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LMSS Masthead

LMS Barrows and Trolleys

Photo of Large Barrow Large numbers of this large barrow were built to a former L&NWR design. This example was one of the later modified types, having the axle retained on blocks instead of on a shaped side bar as was the earlier pattern, and riveted end ironwork instead of cast ironwork. Type No. 229.

The LMS inherited a vast assortment of barrows and trolleys from the constituents and the designs were perpetuated in the first few years of the LMS.

Minor variations were soon in evidence but these really only replaced the pre-group cast or imprinted lettering with LMSR, particularly on wheel castings.

Virtually all the constituents had used wooden frames for flat platform trolleys but in the early 1930s a new design of trolley was developed. This was of steel welded construction and with wood used for the platform. It followed closely on the lines of one produced by Tubewrights Ltd. of Liverpool and supplied to the LMS.

Trolleys for special uses were built in small numbers with modifications from a basic design of trolley. Amongst these were platforms fitted with rollers for use with heavy items and milk churns.

With the LMS having shipping interests several designs were built specifically for use on ships or to facilitate transhipment of goods. Sling trolleys were used and once loaded were slung by crane onto the ship and remained so until reaching the warehouse at the end of the journey.

Experiments were carried out in 1939 with a large low trolley, and this was fitted with a wide conveyor belt for use at berths and used at Heysham.

Sack trucks differed little in design and construction and there were many different sizes and specialised types. Wheels were the only readily descernible changes from those of the constituents. Basic construction has always been in wood, but iron staves were fitted for heavy work, particularly in sheds and works.

Barrows of the LMS were built to a specification of the LNWR and this became the standard LMS built large platform barrow. Small numbers of the former Midland Railway curved leg design were built but it was a heavier barrow altogether than the former LNWR one. The LNWR design and LMS repeat differed only in wheel lettering and end ironwork - the LMS end was curved at the top instead of the squared end, and the bars were rivetted to the outer rim rather than cast or welded.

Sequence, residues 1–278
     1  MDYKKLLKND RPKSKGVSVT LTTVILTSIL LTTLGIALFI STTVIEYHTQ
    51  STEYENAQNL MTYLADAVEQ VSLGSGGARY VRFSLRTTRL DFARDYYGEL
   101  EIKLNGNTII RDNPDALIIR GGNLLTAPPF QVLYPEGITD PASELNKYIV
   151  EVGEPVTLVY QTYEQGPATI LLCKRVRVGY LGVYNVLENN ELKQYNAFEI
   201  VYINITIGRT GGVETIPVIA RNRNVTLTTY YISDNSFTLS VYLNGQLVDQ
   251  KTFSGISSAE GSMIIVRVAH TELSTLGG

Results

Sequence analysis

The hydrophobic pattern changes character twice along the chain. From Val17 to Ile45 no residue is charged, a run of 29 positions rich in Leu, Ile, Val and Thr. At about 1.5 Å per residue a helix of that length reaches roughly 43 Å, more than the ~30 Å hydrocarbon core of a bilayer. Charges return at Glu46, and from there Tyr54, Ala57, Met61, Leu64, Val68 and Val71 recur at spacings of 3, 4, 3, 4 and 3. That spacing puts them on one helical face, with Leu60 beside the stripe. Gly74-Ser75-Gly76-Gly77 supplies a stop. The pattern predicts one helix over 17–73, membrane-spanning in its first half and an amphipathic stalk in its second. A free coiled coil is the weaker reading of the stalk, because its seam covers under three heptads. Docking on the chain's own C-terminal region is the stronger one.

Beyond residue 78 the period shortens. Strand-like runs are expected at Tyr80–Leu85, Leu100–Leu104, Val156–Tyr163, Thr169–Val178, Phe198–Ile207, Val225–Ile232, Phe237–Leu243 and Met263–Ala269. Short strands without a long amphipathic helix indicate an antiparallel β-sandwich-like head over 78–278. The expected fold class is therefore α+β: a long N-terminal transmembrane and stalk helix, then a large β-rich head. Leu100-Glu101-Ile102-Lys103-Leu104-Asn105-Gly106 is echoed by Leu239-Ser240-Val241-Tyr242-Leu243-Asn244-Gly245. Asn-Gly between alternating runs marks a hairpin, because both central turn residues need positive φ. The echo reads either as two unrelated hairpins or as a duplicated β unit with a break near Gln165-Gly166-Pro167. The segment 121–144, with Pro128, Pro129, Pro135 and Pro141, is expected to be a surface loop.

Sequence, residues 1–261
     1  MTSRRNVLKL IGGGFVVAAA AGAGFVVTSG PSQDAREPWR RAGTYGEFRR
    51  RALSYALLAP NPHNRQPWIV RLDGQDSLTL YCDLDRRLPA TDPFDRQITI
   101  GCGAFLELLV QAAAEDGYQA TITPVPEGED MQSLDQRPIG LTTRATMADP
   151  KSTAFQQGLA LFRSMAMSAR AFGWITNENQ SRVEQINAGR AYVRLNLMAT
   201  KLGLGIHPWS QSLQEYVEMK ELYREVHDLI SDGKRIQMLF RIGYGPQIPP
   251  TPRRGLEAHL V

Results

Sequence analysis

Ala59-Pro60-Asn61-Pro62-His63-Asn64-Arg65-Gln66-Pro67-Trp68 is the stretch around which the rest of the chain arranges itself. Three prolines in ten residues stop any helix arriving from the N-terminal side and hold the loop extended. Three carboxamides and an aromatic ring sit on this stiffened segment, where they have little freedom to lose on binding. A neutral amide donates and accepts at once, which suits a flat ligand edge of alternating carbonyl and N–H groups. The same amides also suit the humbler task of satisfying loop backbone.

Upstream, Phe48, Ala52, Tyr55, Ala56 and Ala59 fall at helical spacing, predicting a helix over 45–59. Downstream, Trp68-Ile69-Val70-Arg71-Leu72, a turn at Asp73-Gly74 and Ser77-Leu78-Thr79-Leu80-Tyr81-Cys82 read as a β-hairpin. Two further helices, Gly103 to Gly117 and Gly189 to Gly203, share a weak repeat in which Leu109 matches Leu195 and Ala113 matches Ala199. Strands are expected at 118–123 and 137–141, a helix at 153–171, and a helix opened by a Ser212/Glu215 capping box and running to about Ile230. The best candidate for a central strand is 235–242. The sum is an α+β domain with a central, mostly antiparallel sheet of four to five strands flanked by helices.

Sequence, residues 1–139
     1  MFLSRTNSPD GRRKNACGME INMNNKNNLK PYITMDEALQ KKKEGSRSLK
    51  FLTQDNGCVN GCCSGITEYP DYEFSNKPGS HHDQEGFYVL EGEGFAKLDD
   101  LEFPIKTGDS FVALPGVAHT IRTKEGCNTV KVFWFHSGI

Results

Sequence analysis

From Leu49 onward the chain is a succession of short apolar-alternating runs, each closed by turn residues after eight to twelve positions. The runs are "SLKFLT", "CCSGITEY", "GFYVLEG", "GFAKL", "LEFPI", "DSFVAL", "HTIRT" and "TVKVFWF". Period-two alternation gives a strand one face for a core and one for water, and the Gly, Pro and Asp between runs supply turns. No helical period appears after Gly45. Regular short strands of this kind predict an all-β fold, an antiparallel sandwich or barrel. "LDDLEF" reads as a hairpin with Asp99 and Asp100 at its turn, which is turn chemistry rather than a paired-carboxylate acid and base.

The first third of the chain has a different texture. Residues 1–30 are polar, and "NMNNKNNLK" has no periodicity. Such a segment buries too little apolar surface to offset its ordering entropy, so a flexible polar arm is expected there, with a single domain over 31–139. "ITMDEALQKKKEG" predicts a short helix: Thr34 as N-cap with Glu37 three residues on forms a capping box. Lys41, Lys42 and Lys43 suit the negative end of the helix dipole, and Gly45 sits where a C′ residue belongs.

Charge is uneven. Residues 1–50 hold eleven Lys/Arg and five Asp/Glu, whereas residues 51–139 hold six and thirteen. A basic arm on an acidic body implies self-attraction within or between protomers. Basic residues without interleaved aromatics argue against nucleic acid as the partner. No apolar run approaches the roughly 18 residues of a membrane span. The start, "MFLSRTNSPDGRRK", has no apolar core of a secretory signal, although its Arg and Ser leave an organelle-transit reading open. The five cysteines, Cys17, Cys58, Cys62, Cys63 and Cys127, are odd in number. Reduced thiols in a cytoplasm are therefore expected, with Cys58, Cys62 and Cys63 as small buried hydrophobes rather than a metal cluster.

With ordinary usage the barrows and trolleys lasted for many years and just as the LMS had over substantial numbers and types, so the LMS passed on equally "Allsorts Assortment" onto B.R. in 1948.

Special trolleys included the very elegant Midland buffet bars, the large-wheeled, but small Rug and Pillow trolleys, and the larger Rug and Pillow trolleys with small wheels which were a feature of the LNWR works at Wolverton.

A special 2 wheel pump tank was to be seen at principal stations, used for filling toilet water tanks in coaching stock.

By 1923 brakes were fitted to the majority of trolleys and some barrows used on platforms certainly as a result of the Wellingborough accident.

Automation came to trolleys with the introduction of a four-wheel electric truck in the late 1930's. The 1 ton Harbilt battery chassis was fitted with a steel framed, wooden flat platform body, and pneumatic tyres, and it was handle-operated.

Many of the trolleys were fitted with welded rubber tyred wheels, but possibly only as replacements on visits to works or when the originals were worn out.

Livery was black with white lettering, although grey was also used, particularly on sack trucks.

Allocation of these items (from official records):-

Stations at which No. of
staff handling traffic is
No. of 2 wheel barrows
Small, Med. & Large
1 - 5 men One truck in excess of the number of men.
5 - 9 men Two trucks in excess of the number of men.
10 men and over 1.10 trucks per maximum number of men employed on handling traffic.

At stations with a total barrow stock of 20 or over the name of the station was painted on the side-member, to facilitate identification when away for repair. Other types of barrows and trolleys were supplied according to the needs of the traffic.

These notes represent a brief resume of the barrows and trolleys used by the LMSR.

Further Reading

H.N. Twells, LMS Miscellany. OPC 1982 ISBN 0 86093 172 2

H.N. Twells, LMS Miscellany Volume 3. OPC 1986 ISBN 0 86093 383 0


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